B. Pseudo-Energy Oscillation

In Fig. 3(g) we show the expected unphysical oscillations in the pseudo-energy of the Majoranon as discussed earlier. The measured values of σz at the two evolution lengths agree with the expected values within one standard deviation, while displaying a significant difference from the calculated pseudo-energy of the same initial spinor subjected to the Dirac equation (6). Note that the oscillations in pseudo-energy for the Dirac particle and the Majoranon occur for entirely different reasons: the oscillation for the Dirac particle occurs due to nonzero momentum components in the initial wave packet, while the oscillation for the Majoranon is mainly due to the unphysical mass term.

To elaborate on this difference further, we investigate the evolution of a Majoranon with a larger mass, where the nonzero momentum contribution plays a smaller role. For this purpose, we measure the light evolution in the second system with β=1.2κ, where κ=0.072mm1 and 30 lattice sites were used. The results are summarized in Fig. 4. Due to the reduced momentum contribution in the evolution, the amplitude of the oscillation in pseudo-energy has gotten smaller for the Dirac particle, resulting in larger discrepancies from the Majoranon, whose oscillation amplitude is not affected by the increase in mass (see Fig. 4(g)). The oscillation frequency, however, has increased, such that already at small distances Z=0.9κ1, mostly ψ2 is populated (see Figs. 4(a)4(c) and 4(e)). After a distance of Z=3.5κ1, a further oscillation period has occurred, leading again to a strong population of ψ2. However, the transverse spreading of the wave packet is much less pronounced than for the smaller mass of β=0.65κ, as is clearly visible from Figs. 4(d) and 4(f). This is consistent with the fact that the amplitude of the Zitterbewegung of ψ± decreases for larger masses, whereas the frequency is increased [14,15].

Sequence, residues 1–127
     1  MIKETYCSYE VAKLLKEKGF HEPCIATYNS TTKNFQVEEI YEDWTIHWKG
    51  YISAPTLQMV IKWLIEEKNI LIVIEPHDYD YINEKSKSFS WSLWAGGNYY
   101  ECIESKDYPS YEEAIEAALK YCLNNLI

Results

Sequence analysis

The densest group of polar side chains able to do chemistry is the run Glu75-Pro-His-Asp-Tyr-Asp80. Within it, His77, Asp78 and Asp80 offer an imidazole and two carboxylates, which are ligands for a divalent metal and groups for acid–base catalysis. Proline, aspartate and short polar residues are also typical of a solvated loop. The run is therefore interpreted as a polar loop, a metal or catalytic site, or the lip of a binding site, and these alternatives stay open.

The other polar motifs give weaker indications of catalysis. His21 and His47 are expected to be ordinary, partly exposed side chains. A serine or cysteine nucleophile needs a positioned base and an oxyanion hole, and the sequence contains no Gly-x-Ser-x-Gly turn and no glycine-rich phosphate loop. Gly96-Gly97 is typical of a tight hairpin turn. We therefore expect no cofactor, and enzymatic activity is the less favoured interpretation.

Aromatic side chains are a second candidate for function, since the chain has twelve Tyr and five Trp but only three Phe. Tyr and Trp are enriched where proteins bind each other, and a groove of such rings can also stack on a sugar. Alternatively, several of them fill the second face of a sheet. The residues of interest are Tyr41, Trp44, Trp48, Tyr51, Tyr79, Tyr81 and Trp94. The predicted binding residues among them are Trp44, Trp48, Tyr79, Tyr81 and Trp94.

C. Implementation of Charge Conjugation

Finally, we demonstrate how the unphysical operation of charge conjugation can be simulated in our system. To this end, one can make use of the fact that the final waveguide couplers possess two output ports. So far, only the upper ports have been used to produce the Majoranon wave function. In the lower ports, the two Dirac wave packets are recombined with the opposite phase, which yields the charge-conjugated spinor ψc(Z)=ψ+(Z)iψ(Z), up to a phase, after the propagation distance Z. The measured and numerically simulated output intensity distributions and reconstructed spinors are displayed in Figs. 5(a) and 5(b). It is evident that for both evolution lengths, the occupation of the spinor components is reversed: whereas the second component is prevalent in the Majorana spinor (cf. Fig. 4), its charge-conjugated brother has mostly its first component occupied. That is exactly what one would expect from the definition of charge conjugation: ψc=(ψ2*ψ1*). Accordingly, the pseudo-energy σz after charge conjugation oscillates in antiphase with that of the unconjugated particle. The experimental observation of the pseudo-energy at the two evolution lengths lies within one standard deviation of this theoretical prediction (symbols and solid lines in Fig. 5(c)). Dirac particles of either charge, on the other hand, would preserve their pseudo-energy, and merely momentum-induced oscillations would occur (dashed lines). This illustrates the striking difference between the physical Dirac equation, where charge is preserved, and the unphysical Majorana equation, which violates charge conservation.